Catholic Health says wealthy Australians could pay more for drugs
The curtailing of public funding of the Pharmaceutical Benefits Scheme can be justified only if properly targeted to the better off and prosperous in the community, according to Catholic Health Australia CEO Francis Sullivan.
Reports indicate that prescribed drug costs are expected to rise by at least 10% for most Australians in next month's federal Budget as the Government slashes $2 billion from the burgeoning cost of pharmaceutical benefits over the next four years.
Mr Sullivan said: "What is essential is that the safety net provisions for pensioners and families should not be tampered with given the Finance Minister's indication that the Budget does not need to be squeezed as much as previously anticipated.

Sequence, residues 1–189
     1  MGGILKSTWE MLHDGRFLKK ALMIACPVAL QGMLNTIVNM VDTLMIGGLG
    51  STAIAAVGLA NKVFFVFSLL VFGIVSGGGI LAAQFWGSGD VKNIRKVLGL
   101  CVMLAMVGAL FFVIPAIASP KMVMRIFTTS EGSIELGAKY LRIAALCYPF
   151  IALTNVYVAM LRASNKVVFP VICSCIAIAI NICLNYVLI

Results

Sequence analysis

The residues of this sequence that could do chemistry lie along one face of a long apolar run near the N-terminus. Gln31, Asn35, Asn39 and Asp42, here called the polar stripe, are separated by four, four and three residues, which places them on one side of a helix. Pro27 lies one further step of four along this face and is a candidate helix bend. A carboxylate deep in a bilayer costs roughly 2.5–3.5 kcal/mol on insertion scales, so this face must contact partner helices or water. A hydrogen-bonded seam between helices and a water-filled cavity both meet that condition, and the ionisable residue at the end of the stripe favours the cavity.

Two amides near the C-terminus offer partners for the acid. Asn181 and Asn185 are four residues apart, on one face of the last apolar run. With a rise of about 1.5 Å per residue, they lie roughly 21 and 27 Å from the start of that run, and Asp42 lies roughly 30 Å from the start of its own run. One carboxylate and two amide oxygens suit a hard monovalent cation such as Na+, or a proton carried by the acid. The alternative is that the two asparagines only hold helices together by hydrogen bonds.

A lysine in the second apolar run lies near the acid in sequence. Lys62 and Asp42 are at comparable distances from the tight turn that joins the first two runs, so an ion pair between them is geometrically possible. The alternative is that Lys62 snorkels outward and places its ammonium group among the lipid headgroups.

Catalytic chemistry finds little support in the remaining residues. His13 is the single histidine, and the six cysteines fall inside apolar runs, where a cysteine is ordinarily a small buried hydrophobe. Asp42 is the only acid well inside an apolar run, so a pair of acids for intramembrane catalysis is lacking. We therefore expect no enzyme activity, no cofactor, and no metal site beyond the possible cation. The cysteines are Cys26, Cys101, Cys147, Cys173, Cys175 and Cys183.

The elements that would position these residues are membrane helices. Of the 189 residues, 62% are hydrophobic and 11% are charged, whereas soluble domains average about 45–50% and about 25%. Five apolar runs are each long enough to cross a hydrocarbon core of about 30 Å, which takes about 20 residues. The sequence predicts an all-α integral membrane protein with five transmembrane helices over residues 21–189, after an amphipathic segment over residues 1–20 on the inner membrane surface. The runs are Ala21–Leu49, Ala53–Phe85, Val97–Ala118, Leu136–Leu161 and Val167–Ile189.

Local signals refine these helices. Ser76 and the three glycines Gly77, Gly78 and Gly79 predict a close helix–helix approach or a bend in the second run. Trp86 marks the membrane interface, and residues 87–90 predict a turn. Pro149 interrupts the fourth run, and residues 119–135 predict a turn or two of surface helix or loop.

"In the balance of things the community responsibility to adequately fund safety nets does justify an increase contribution from individuals who can well afford it and are less disadvantaged in both health and social circumstances," he said. "An increased copayment for high income earners will take pressure off the safety net provisions and is the only alternative to a claw back in public funding."
"It is essential that those who can ill afford to pay and low income families are quarantined from any copayment or safety net adjustment changes."
Budget to force up drug prices - by Mark Metherell and Michelle Grattan (SMH 10/4/02)
12 Apr 2002